“[The] determination which has brought me to your country against the combined opposition of my friends and caste ought to go a long way towards helping me to carry out the purpose for which I came, i.e. to render to my poor suffering country women the professional medical aid they so sadly stand in need of and which they would rather die than accept at the hands of a male physician. The voice of humanity is with me and I must not fail. My soul is moved to help the many who cannot help themselves.” (Source)

 

By 1886 her health had failed and she experienced tuberculosis symptoms that were to snuff her life out ultimately. Bal Gangadhar Tilak himself sent a letter to Anandi stating that he understood her situation and was willing to donate one hundred rupees in order to support her. He also said as an editor he could contribute only to that extent.

 

In the same year, she returned to her home country to a splendid welcome. The native state of Kolhapur designated her as a physician in the women’s ward of the local Albert Edward Hospital.

 

She passed away on 26th February 1887 just before attaining the age of 22. After her death, her patron Mrs. Carpenter placed her ashes in New York in her family cemetery.

 

 India today has taken giant strides towards providing equal opportunities to women in every field. But this has happened after the struggle and sacrifice of many women who have fought long and hard at different levels to gain these rights. They have had to fight against the apathy of the law, the taboos of society, the opposition of relatives and even against their own immediate family to shatter stereotypes and finally leave their mark. The success and glory that women enjoy today is the result of the inspiration of these legendary women. And every woman who broke barriers has been able to do so because she received support from friends, mentors, family and even strangers to stand out in the crowd.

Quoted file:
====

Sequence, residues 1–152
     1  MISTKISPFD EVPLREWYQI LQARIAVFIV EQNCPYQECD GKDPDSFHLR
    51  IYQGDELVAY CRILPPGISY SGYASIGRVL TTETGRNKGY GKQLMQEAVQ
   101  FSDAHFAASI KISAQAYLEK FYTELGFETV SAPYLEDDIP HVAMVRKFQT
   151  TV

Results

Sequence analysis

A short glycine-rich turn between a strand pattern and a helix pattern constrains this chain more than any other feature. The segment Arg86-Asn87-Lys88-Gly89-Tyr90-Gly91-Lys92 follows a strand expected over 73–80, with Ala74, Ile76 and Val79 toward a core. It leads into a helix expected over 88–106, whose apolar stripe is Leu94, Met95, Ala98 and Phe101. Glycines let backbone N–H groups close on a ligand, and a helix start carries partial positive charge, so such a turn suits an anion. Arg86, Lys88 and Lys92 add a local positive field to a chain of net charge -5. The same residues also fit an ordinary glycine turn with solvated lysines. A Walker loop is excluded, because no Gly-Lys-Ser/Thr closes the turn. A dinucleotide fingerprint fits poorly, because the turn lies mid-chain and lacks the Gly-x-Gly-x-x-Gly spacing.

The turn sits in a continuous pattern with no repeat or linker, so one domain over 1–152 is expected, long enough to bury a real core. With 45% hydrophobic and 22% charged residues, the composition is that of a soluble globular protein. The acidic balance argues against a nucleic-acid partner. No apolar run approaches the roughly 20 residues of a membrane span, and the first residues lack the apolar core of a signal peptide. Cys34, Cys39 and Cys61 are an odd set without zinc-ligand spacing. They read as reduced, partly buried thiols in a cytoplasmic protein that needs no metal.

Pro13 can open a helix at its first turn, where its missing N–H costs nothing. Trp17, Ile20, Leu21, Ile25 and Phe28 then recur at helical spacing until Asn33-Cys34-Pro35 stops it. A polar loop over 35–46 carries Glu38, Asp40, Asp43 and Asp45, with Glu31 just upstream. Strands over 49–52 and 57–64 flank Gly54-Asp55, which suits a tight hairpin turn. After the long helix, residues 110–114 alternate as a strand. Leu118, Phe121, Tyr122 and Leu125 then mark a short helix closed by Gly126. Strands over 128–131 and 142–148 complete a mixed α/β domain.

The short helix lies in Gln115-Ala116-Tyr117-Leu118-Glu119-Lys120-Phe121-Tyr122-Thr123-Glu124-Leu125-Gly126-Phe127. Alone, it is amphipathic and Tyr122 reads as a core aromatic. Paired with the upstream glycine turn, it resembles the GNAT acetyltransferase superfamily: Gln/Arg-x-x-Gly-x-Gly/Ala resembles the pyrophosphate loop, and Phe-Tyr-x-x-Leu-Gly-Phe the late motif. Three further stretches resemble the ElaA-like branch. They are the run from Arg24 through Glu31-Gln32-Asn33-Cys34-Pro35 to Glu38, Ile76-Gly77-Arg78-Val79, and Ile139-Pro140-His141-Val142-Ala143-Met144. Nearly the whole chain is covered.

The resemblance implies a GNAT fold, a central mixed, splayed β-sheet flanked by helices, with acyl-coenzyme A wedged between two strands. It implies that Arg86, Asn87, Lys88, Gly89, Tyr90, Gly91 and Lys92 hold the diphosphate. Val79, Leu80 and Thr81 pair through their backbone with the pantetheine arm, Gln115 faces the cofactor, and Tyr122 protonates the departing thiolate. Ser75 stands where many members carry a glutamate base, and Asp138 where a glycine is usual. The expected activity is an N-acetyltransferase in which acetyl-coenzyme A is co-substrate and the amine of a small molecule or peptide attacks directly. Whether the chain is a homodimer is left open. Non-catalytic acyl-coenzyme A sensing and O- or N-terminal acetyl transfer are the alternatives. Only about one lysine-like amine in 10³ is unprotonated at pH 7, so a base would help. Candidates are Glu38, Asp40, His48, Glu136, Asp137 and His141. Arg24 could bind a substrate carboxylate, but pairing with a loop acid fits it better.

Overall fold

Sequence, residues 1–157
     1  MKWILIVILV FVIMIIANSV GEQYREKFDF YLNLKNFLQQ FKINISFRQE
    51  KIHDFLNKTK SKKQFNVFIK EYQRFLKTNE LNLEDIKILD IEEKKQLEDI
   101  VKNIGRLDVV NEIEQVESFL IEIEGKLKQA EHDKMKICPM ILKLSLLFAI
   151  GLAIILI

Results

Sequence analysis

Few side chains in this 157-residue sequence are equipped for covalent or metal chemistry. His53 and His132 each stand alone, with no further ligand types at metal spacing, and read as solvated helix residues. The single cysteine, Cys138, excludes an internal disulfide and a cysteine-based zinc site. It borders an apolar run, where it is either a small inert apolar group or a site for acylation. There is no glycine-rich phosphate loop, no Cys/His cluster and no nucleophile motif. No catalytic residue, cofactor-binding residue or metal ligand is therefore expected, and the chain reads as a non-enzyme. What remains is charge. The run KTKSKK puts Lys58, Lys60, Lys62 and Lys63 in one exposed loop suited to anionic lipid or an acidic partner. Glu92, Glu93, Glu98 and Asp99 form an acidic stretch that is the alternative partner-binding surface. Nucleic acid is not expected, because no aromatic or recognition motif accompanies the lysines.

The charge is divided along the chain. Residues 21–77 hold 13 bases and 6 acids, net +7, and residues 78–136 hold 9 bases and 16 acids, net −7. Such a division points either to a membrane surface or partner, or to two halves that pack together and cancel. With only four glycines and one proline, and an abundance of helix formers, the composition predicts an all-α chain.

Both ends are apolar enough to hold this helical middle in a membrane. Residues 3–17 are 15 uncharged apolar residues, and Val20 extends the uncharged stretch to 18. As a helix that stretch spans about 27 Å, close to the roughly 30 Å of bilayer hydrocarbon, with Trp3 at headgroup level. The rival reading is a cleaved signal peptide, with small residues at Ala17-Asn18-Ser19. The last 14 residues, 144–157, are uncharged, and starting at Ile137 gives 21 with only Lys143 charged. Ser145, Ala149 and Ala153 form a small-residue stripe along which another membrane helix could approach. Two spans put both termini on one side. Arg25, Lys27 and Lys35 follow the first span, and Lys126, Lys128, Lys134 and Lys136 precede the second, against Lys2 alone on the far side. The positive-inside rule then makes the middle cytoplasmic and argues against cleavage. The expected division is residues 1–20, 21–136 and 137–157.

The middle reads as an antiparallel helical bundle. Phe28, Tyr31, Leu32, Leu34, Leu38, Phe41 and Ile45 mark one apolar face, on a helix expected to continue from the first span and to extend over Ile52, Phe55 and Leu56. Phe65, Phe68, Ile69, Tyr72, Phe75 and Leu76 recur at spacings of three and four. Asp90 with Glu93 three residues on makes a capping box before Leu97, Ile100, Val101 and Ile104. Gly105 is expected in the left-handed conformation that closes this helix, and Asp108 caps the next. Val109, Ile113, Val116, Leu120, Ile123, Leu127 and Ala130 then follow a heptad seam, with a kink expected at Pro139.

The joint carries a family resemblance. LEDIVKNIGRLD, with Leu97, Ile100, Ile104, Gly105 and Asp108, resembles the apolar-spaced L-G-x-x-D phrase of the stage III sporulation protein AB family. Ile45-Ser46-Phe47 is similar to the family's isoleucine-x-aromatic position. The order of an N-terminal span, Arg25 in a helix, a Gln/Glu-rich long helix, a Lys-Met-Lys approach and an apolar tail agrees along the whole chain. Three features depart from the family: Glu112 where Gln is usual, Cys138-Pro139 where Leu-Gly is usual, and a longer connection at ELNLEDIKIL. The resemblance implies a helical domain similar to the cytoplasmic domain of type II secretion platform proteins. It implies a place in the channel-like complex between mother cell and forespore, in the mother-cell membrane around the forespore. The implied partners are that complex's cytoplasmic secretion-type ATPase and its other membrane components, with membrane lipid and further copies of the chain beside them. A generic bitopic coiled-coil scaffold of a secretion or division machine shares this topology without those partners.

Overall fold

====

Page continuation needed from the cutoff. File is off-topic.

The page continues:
Her biography was written by Caroline Wells Healey Dall in 1888. Shrikrishna Janardan Joshi has written a novel, “Anandi Gopal”, in Marathi based on her life story. Doordarshan broadcast a Hindi serial, “Anandi Gopal”, based on her life. A play based on her life was also composed by Ram G. Joglekar. A Lucknow based non-governmental organization IRDS introduced the Anandibai Joshi Award in the medical field as a tribute to her pioneering achievements.

 

Gopal Rao was steadfast in his determination to empower his wife and support her education. He was undoubtedly an exceptional man of those times. Though Anandi Bai could not utilize her education professionally due to her unfortunate untimely death, she substantially empowered and motivated women in India. As a couple, they serve as a shining example to the modern generation!